http://gmao.gsfc.nasa.gov/news/geos_sys ... ations.php
NASA blames faulty sensor for incorrect readings. data is no longer reliable. *sigh* well, better safe than sorry i guess.
I am kinda intrigued by how consistently that faulty data mirrored the fault lines and did _not_ produce faulty data world wide but only in california... but who am i to second-guess NASA scientist
Apologies, should you consider this spam... but I'd rather be banned than take chances here...
Very recently (around Feb-26th 2016) the atmospheric level of carbon monoxide (CO) along the west coast spiked. Suddenly, unexpected, and significantly (peak levels thousand times over background level).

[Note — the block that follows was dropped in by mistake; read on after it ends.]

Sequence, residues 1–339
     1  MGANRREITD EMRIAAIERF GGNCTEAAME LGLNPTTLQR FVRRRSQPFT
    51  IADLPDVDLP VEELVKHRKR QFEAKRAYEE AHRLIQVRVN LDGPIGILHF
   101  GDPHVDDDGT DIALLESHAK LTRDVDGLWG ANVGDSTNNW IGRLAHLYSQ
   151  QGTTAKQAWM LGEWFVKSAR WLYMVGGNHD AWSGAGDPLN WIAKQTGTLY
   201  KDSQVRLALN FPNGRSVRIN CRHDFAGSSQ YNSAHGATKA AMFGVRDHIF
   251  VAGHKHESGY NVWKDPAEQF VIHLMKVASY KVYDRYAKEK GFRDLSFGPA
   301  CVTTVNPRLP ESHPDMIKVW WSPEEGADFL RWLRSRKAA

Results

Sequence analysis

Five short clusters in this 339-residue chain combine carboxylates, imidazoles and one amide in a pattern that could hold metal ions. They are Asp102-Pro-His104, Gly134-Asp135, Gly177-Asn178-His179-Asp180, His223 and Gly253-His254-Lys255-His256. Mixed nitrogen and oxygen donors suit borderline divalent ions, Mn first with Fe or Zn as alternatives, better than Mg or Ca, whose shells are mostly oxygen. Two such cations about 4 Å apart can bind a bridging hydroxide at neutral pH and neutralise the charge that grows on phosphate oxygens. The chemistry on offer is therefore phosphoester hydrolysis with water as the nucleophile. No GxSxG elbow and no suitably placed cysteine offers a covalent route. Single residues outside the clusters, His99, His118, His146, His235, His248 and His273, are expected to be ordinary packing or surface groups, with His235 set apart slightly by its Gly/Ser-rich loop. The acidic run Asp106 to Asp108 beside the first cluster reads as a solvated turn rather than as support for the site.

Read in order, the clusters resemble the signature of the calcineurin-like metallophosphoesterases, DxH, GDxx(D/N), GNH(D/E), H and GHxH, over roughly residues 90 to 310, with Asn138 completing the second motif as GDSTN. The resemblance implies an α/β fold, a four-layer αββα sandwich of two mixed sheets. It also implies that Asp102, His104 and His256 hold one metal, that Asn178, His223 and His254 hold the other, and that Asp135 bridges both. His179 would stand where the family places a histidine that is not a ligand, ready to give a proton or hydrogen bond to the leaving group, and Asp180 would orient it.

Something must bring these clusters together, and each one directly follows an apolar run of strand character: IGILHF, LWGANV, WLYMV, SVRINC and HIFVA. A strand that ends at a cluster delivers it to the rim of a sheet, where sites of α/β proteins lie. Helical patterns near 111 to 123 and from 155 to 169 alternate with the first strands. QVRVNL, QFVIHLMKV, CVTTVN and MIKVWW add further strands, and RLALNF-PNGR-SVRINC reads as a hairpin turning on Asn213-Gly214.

These data comes from NASA observations and looks reliable. (play with the timeline, link goes to the first occurence, so scroll back a day or two to see the normal levels...)
In 2010 some scientists reported an observed CO emission _prior_ to a major earthquake (in Gujarat, India), linked to tectonic activity. (http://modis.gsfc.nasa.gov/sci_team/pubs/abstract_new.php?id=00638)
several people on the internet are connecting I. and II., and draw the conclusion, that a major tectonic event might happen somewhere on the west coast _within_the_next_couple_of_days_(!). roughly between L.A. and Canada... unfortunately no respectable news site is reporting this... currently only "sources" on the fringes of credibility have articles... (google "california carbon monoxide quake")
I, personally, think the data is valid, and the conclusion is plausible enough for me to write this post...
So, prep up, share the concern, and stay safe!